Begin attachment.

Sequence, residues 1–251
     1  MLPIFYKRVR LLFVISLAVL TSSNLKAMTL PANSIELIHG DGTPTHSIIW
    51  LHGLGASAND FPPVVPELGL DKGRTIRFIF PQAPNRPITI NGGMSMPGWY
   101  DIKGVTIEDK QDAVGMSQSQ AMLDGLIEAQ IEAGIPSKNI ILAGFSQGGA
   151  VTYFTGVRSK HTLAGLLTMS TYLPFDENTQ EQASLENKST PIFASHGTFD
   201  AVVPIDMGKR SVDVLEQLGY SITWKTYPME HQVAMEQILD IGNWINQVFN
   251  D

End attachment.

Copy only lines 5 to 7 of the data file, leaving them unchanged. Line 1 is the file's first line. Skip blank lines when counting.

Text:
   151  VTYFTGVRSK HTLAGLLTMS TYLPFDENTQ EQASLENKST PIFASHGTFD
   201  AVVPIDMGKR SVDVLEQLGY SITWKTYPME HQVAMEQILD IGNWINQVFN
   251  D